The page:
Projects

The Center for the Study of Ethics in the Professions is pleased to support a number of ongoing programs and projects that fit the Center’s mission of promoting research and teaching on practical moral problems in the professions.

Codes of Ethics Online Collection
The Codes of Ethics Online Collection consists of over 2000 codes of ethics from professional organizations, businesses, government agencies, and religious and fraternal organizations. The collection includes a guide for using codes of ethics, resources for writing a code of ethics, and links to other collections of codes of ethics on the web.

In February 2013, the Center for the Study of Ethics in the Professions has received an award of $108,669 to be the the participant for the United States in a project funded by the European Commission called “Promoting Global Responsible Research and Social and Scientific Innovation” or ProGReSS. The project, which also includes universities and ethics center from Europe, China, Japan, India, Australia, and South Africa seeks to explore what is meant when we talk about  Responsible Research and Innovation (RRI) that is, research and innovation which is: a)ethically acceptable, b) is sustainable by avoiding significant adverse effects and b) drives towards the common good, i.e. societal desirability. Dr. Michael Davis and Kelly Laas of the Center will be the primary investigators on this project.

The project will link existing international networks of RRI from all continents with European partners and seek to achieve the following: 
1. Link existing international networks of RRI with relevant societal actors on a global scale to focus innovation on societal desirability. 
2. Complete a major fact-finding mission comparing science funding strategies and innovation policies in Europe, the US, China, Japan, India, Australia, and South Africa. 
3. Advocate a European normative model for RRI globally, using constitutional values as a driver to inform societal desirability. 
4. Develop a strategy for fostering the convergence of regional innovation systems at the global level. 

The Intercollegiate Ethics Bowl (IEB) combines the excitement and fun of a competitive tournament with a valuable educational experience for undergraduate students. Here you can find out more about IIT's Ethics Bowl team and a full description of the rules and educational significance of the Ethics Bowl. 
 
From 1997-2003, IIT hosted colleagues from institutions internationally and across the country for the Ethics Across the Curriculum summer workshops. These pages include a summary of the workshop proceedings, post-workshop materials developed by past graduates, and an extended bibliography of books, journal articles, and online materials on integrating ethics in the classroom.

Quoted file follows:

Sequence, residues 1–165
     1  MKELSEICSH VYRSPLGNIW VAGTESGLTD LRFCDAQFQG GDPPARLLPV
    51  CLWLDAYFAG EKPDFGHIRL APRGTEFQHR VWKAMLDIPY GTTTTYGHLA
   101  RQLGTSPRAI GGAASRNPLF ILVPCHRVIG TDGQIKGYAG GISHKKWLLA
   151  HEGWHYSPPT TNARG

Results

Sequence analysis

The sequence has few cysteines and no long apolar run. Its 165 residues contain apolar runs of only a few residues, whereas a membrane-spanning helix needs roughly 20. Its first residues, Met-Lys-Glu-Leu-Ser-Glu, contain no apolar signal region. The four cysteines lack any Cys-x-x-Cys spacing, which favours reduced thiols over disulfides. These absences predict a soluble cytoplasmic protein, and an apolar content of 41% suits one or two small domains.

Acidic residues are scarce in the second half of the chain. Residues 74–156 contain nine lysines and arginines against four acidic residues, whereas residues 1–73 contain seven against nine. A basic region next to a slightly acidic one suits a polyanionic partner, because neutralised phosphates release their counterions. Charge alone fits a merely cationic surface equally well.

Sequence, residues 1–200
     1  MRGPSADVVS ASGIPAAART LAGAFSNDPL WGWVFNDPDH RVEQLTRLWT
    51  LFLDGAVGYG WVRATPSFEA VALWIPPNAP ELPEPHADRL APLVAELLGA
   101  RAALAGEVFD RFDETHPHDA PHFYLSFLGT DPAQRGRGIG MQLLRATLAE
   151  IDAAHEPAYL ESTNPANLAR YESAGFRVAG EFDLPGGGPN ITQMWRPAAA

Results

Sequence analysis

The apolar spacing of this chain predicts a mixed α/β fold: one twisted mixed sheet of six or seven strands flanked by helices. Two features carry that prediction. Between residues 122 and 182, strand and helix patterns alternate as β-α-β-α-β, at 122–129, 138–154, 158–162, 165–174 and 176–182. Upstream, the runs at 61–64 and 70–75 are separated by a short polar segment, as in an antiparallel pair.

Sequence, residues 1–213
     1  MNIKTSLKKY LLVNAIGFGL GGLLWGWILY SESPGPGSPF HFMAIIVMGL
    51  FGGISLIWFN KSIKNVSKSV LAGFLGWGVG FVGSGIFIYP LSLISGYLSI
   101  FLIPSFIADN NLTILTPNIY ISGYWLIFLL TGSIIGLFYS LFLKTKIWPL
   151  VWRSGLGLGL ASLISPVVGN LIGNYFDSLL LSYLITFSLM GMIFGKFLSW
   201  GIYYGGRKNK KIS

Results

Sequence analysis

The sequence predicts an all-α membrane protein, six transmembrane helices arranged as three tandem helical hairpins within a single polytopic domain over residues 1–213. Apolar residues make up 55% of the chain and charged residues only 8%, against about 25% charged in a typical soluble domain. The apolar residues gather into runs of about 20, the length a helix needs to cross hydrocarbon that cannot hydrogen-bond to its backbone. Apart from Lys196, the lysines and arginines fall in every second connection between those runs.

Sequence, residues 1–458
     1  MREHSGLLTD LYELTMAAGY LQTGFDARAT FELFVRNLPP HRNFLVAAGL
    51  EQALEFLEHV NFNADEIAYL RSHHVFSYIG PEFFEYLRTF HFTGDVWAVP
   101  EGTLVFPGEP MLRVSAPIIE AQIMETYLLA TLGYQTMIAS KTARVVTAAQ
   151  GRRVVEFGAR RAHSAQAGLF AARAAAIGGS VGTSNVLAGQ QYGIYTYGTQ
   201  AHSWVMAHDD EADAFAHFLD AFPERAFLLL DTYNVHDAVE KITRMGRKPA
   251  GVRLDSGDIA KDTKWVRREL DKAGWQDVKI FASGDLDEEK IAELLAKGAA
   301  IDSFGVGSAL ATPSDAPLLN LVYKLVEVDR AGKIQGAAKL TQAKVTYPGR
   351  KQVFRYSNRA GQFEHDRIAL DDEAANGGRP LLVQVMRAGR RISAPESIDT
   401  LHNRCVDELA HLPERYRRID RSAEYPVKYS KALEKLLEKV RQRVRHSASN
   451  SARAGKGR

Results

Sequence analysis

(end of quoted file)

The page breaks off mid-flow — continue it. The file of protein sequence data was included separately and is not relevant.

This joint project with the National Academy of Engineering's Center for Engineer, Ethics and Society is a collection of resources for scholars and university administrators interested in developing ethics training and instruction programs for undergraduate, graduate, and doctoral students.

Ethics in IPROs
The Center the for the Study of Ethics in the Professions is working with the Interprofessional Projects Office of IIT to help develop ways of integrating ethics instruction into the IPRO program. Below is a collection of resources for students and faculty advisers interested in exploring the unique ethical questions raised by their projects.

Ethics in the Natural Course of Research
Developed through a National Science Foundation Grant, this graduate level course brings together students from engineering and science with students from the fields of philosophy, history and sociology of science to perform joint research across disciplinary boundaries. The course has been offered twice, and will be offered again during the 2012-2013 academic year.

In 2005, the Center began a project to develop a code of ethics for the Illinois Institute of Technology community, including, students, faculty, staff, and alumni. Please take some to to review the current and past version of the IIT Code, and leave your suggestions and comments.

The NanoEthicsBank is a database conceived as a resource for researchers, scholars, students, and the general public who are interested in the social and ethical implications of nanotechnology. Items in the database include normative documents, such as guidelines for safety in the workplace, and descriptive materials, such as analysis of the U.S. government’s capacity for oversight and studies of the media coverage of nanotechnology.
 
In 1993, the IEEE Computer Society (IEEE-CS) and the Association of Computing Machinery (ACM) formed a joint committee to write a code of ethics for software engineers. This archive includes meeting minutes, correspondence, and the different versions of the code developed throughout the project.. The Software Engineer’s Code of Ethics and Standards of Practice was adopted by IEEE-CS and ACM in 1998, and since then, the code has been adopted by software engineering and computer societies worldwide.


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